How to Use a Breadboard

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Hi, this is Ben Finio with Science Buddies,
and this video is an introduction to how to use a breadboard. This is a breadboard. It's a rectangular piece of plastic with a
grid of holes that allows you to easily and quickly build electronic circuits by pushing
electronic components into the holes. For example, simple circuits like this one
with a battery and an on/off switch to control a light. You can also build more complicated circuits,
for example lights that flash automatically, or robots of all different shapes and sizes. There are far more examples than we can list
in the beginning of this short video. At this point you might be thinking that this
doesn't really look like it has anything to do with bread. The name breadboard comes from the early days
of electronic circuits when people would literally use wooden boards with screws or nails driven
into them to make electronic connections.

Modern breadboards are made from plastic,
and come in all shapes, sizes, and even different colors. The most common sizes you will probably see
are full-size breadboards, half-size breadboards, and mini breadboards. Larger and smaller sizes are available, and
many breadboards come with tabs and notches on the side that allow you to snap two or
more of them together, but a single breadboard will be more than sufficient for most beginner
projects. Let's take a closer look at how a breadboard
actually works. The holes of a breadboard allow you to easily
push the leads, or metal legs, of a component like this LED into them, and then will lightly
hold them in place. This connection is strong enough that the
LED won't fall out on its own, but light enough that if you make a mistake, you can easily
pull it out and put it in a new location. Technically, these are called solderless breadboards
because they can make these connections without using solder, or melted metal, to permanently
bond electronic components together. Let's find out how breadboards can hold onto
components without using solder. If you flip a breadboard over, they come with
an adhesive backing that allows you to permanently stick them onto a project, for example, the
breadboard stuck to this robot.

If you remove that backing completely, like
I've done with this breadboard here, you expose a series of metal strips that are inside the
breadboard. These metal strips are what make mechanical
and electrical connections to the components you insert into the breadboard. We can remove one of these metal strips by
pushing it out from the front to see what it looks like up close. Each strip is a series of five clips that
line up with the holes in the breadboard. When you push a component into the breadboard,
these clips are what's actually grabbing onto the leads, like you can see here with this
LED. This breadboard is actually made from transparent
plastic, so you can see the clips from the outside. When you press a lead into one of the holes,
it's just getting grabbed onto by one of these clips. Let's take a closer look at the writing on
the front of your breadboard. Your breadboard has columns labeled from A
through J, and rows that start with one and go up to a number that depends on the size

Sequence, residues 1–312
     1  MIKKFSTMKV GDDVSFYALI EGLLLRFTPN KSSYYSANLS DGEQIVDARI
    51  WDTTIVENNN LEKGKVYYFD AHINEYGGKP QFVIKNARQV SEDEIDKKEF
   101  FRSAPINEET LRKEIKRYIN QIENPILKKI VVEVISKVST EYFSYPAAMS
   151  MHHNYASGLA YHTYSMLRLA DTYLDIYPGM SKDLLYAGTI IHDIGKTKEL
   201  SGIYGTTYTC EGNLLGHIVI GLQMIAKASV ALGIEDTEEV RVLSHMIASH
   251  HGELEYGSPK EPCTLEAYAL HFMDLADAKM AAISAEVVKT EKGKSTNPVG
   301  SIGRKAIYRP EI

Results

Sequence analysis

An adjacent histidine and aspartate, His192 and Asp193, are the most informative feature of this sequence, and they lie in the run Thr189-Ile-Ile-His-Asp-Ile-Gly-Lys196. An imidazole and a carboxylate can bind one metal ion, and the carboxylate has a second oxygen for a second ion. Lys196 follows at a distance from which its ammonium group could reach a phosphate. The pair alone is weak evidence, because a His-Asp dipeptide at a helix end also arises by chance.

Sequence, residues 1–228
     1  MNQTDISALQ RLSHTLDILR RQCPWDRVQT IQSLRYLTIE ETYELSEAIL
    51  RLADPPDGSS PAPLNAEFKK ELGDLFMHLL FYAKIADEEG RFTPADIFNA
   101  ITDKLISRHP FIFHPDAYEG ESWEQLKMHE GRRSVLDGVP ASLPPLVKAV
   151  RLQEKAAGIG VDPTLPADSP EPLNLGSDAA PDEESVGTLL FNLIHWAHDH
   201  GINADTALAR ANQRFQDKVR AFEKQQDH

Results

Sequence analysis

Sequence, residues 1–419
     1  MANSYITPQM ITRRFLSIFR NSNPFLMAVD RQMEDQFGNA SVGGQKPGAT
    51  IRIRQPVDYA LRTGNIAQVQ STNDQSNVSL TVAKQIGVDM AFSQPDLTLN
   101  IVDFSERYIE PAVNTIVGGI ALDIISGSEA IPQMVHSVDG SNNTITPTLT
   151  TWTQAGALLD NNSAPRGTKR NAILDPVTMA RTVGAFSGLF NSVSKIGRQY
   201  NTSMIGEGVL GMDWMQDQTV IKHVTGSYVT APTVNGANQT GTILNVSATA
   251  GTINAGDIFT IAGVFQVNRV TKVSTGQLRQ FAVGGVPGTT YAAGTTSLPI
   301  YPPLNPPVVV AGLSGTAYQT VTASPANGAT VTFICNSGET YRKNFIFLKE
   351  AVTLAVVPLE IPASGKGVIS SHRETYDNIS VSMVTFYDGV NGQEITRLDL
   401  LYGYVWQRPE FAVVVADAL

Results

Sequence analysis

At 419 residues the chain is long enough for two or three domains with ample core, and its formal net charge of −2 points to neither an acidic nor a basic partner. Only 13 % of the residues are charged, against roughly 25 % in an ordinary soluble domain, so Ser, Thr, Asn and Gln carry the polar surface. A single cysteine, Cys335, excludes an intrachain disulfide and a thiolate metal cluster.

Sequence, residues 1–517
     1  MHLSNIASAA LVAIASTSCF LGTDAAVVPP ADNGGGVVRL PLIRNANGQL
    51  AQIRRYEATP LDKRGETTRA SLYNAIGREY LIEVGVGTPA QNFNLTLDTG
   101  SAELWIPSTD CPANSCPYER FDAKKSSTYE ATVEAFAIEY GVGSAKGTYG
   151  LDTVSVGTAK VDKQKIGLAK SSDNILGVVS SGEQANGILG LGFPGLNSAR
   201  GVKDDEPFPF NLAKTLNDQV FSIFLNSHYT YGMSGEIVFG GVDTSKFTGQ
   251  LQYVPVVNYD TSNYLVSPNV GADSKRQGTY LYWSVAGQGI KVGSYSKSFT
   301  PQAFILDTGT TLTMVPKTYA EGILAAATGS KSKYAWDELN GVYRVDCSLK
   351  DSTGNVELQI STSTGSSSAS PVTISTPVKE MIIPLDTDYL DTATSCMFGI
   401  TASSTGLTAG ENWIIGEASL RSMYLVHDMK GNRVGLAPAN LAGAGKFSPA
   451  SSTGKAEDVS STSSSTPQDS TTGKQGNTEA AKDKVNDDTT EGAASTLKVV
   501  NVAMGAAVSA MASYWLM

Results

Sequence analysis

of the breadboard.

These labels make it easy to follow directions
when building a circuit. For example, all of these holes are in column
C, and all of these holes are in row 12. Hole C12 is where column C intersects row
12. There are also long strips on either side
of your breadboard that are usually labeled with red and black or red and blue lines,
and also a plus or minus sign. These are called buses or rails, and are used
to deliver power to your entire circuit. Typically, the red one marked with a plus
sign will connect to the positive battery terminal, and the black or blue one marked
with a minus sign will connect to the negative battery terminal.

Some breadboards, like this mini one, do not
have power buses at all. Some full-size breadboards have power buses
that run the entire length of the breadboard, as indicated by the continuous, unbroken red
and black lines. Other ones have power buses that only run
half the length of the breadboard, as indicated by the break in the lines here. This is convenient if you have a circuit that
needs to be powered by two different voltage levels. In order to use a breadboard, it really helps
to understand how all the holes are connected. Let's take a look at hole A1 as an example. Remember that inside the breadboard are sets
of five metal clips. This means that hole A1 is electrically connected
to hole B1, hole C1, D1, and E1. It is not connected to hole A1 because that
hole is in a different row and they do not share the same set of metal clips.

It is also not connected to any of the holes
on the other side of the gap in the middle of the breadboard. That's holes F1, G1, H1, I1, and J1. We'll explain more about what this gap means
in a little bit. This diagram shows all of the connections
on the breadboard highlighted with yellow lines. Each set of five holes forming half a row,
that's those on the left in columns A through E, and those on the right in columns F through
J, is electrically connected. The power buses run vertically on the sides
of the breadboard, and are typically connected over more than five holes, although this can
vary from breadboard to breadboard. The individual power buses are not connected
to each other. Let's take a look at what all this means for
a common demonstration circuit with a battery, a resistor, and an LED. When I turn the battery pack on, the LED lights
up. Pretty simple. Now let's zoom in and see how I actually have
everything connected on the breadboard. The battery pack's red lead is connected to
the power bus on the right side of the breadboard.

This is connected to a jumper wire that goes
to row 5, which then goes to the LED, over to row 5 on the other side, to a resistor,
to the ground bus, and then to the battery pack's black lead. This diagram shows how electricity flows through
the circuit using yellow arrows. This is called a closed circuit, or a complete
path for electricity to flow. Remember that on each separate half of the
breadboard, the holes in row 5 are electrically connected to each other. This means, for example, that I can take the
leads of the LED and move them to different holes in row 5 and it will still light up. However, if I take the LED and move it to
a different row entirely, like row 4 or row 6, it does not light up because there is no
path for the electricity to flow.

It has to be in row 5 to have that complete
path. You can also reconfigure the entire circuit. For example, here I am going to move the LED
and the resistor over to the right side of the breadboard, and then connect the battery
pack's negative lead to the ground bus on this side. While this looks different, electrically it
is the same circuit, so the LED still lights up.